Blue Drue Webber’s The Blues Stay at Home
bluedruewebber.com

By Ken Shimamoto

I first heard Drue Webber’s name a decade ago. Although the red-headed bluesman was barely old enough to vote back then, you’d still hear his name mentioned in the same breath as cats like Rollo Smith, “Sugar” Dave Millsap (ex-Delbert McClinton sideman who now packs ‘em in at upscale locations like Central Market, the Bass Hall’s McDavid Room, and Ovations restaurant), and Will “Smokey” Logg (guitar-slinging journo who bears more than a passing resemblance to Robert Downey, Jr.). In the oh-oh’s, Drue joined Doyle Bramhall’s band, and he played on the drummer-singer-SRV songwriter’s 2003 Fitchburg Street CD (FYI, that’s Drue in the pics of Doyle’s band on the wall at Kincaid’s Hamburgers). He told the Startlegram a few weeks ago that he wants to reach out to De Yoof with a White Stripes-like blues-rock band, and he’s made a few guest appearances at the Wreck Room on Lee and Carl’s Invitational Jam nights.

Drue’s also played solo sets on the patio at fonky Fred’s. It’s the flavor of those sparse, simple performances, featuring just Drue’s unaccompanied voice and guitar, that’s captured on his new CD, The Blues Stay at Home. Drue plays a style that originated in the Mississippi Delta with venerable masters like Robert Johnson, Bukka White, and Son House, and was carried upriver to Chicago in the ‘40s by slightly younger men like Muddy Waters, Elmore James, and Robert Nighthawk. It’s characterized by finger-picked, open-tuned guitar, with the thumb playing restless bass figures that contrast with the slithering, singing sound of a metal slide whanging against the strings. Drue employs an electric guitar with the harmonic-rich, saturated sound of a cheap little amplifier being pushed to the limits of its capacity to cut through the noise of a rowdy crowd in a juke joint. As a singer, Webber’s got strong pipes, coupled with the wisdom not to try mimicking a wizened Delta bluesman’s inflections in the manner of earnest but misguided white blues imitators of yore.

The material on The Blues Stay at Home is heavy on old reliables from the song bags of Delta daddies like Muddy, Black Ace, Howlin’ Wolf, Big Joe Williams, Robert Johnson, Jimmy Reed, and St. Louis Jimmy Oden. While it’s all rendered in the grand old style, the unremittingly lugubrious tempos might tire some listeners out after a few songs. Among the Webber originals included here, “Young and Able” is, for all intents, a rewrite of Slim Harpo’s “I’m a King Bee;” much better are the John Faheyesque acoustic instrumentals “Lovin’ Mind” and “It Was the Last Time.”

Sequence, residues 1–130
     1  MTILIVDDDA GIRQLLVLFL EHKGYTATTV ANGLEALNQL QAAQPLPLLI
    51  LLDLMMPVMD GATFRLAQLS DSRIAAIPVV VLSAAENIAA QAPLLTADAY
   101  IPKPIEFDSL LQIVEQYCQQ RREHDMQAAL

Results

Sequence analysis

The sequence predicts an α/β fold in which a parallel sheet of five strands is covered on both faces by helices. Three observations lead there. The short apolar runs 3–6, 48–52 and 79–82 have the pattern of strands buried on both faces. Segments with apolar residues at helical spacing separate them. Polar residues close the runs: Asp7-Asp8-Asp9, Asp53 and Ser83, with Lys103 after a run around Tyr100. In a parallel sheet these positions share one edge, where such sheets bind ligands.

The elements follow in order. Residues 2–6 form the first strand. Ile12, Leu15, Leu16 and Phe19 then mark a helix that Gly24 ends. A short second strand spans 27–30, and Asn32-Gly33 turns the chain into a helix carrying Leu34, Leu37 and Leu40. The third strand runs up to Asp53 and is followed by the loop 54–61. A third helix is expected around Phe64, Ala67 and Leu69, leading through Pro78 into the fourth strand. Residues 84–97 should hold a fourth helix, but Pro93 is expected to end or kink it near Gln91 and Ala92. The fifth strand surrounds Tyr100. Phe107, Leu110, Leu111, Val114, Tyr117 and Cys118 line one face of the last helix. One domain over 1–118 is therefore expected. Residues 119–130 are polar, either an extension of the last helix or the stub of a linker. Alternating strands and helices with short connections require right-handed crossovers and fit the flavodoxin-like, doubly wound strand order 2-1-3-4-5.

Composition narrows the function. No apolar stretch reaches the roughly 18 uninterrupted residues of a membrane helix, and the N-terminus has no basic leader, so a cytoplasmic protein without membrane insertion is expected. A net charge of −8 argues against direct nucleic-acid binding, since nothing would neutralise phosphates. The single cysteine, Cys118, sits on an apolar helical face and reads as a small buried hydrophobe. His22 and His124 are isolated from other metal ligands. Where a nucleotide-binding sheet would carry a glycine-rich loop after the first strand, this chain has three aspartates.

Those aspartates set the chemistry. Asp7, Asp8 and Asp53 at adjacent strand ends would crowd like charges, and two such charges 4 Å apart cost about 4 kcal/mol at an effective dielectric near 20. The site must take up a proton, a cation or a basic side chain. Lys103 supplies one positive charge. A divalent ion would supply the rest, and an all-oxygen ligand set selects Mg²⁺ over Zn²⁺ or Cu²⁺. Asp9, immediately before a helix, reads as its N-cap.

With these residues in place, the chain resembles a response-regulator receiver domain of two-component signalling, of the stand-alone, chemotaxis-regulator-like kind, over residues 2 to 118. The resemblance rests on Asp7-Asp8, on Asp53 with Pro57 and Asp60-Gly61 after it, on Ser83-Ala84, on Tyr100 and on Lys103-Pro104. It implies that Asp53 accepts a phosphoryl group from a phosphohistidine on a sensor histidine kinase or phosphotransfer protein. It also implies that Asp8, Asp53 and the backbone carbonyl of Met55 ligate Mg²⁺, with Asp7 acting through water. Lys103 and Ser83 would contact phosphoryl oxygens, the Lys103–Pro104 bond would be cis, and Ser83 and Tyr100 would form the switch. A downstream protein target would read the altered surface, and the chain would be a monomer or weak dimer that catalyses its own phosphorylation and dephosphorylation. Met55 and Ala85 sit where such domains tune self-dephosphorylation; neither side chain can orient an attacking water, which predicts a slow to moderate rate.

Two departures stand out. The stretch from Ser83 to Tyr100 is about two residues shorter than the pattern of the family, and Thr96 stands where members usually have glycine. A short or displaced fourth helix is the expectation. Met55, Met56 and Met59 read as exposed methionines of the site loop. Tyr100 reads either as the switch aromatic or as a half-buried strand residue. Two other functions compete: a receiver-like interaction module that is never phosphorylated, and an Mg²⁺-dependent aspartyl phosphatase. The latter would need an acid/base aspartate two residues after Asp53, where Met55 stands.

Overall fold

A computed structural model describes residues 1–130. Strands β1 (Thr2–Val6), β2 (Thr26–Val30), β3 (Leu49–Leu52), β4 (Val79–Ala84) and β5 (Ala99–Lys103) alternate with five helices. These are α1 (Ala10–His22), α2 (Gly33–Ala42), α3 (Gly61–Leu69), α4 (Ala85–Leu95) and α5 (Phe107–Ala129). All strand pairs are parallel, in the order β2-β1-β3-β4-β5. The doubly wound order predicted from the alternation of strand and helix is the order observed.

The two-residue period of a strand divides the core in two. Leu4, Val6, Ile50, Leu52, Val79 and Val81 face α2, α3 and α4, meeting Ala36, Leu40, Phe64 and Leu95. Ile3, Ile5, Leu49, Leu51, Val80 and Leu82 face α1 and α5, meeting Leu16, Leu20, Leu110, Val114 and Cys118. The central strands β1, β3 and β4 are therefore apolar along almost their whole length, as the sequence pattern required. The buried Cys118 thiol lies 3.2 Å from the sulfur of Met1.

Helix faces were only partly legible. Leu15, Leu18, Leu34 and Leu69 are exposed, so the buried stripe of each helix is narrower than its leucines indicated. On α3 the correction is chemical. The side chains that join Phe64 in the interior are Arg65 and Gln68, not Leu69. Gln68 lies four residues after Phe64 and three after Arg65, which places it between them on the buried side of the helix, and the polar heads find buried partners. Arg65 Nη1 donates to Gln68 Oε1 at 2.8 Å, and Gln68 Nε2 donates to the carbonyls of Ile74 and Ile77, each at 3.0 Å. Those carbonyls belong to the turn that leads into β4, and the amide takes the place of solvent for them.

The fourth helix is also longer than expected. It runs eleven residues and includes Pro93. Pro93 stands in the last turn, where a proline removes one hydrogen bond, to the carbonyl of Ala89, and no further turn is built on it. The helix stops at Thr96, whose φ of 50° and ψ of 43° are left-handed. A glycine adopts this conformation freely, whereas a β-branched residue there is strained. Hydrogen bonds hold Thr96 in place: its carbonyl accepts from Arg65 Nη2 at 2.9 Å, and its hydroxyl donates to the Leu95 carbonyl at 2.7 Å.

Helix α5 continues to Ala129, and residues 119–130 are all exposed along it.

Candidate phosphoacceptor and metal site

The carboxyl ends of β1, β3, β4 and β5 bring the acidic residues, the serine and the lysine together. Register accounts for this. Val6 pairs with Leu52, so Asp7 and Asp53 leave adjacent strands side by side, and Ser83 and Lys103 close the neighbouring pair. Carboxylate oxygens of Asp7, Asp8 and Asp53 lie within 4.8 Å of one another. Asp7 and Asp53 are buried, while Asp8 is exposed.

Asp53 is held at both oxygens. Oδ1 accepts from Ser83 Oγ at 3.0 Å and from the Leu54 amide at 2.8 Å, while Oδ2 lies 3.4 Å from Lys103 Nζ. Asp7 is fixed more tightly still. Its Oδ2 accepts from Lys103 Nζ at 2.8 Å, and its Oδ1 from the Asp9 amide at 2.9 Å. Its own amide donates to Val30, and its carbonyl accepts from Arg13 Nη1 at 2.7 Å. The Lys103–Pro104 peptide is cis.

I’m reminded of a set I saw Corey Harris play once, opening for Taj Mahal at the Caravan of Dreams around the time Drue was first making a name for himself. Harris played the Delta blues, alright, but in a way that reminded you that this stuff started out as social music – something to party and dance to, not some folkloric artifact; a way of transforming sorrow at the hardness of the world into great joy, the way the human heart at its most resilient is wont to. Webber’s technical mastery of the form, as demonstrated on The Blues Stay at Home, is undeniably impressive. If he truly intends to make this music appeal to people his own age, though – to really sell it to kids who think Jack ‘n’ Meg wrote “Death Letter” -- his next challenge is to transcend that form the way his models did. I’m betting he’s got it in him. And I’d like to see him share a stage with Darrin Kobetich sometime.

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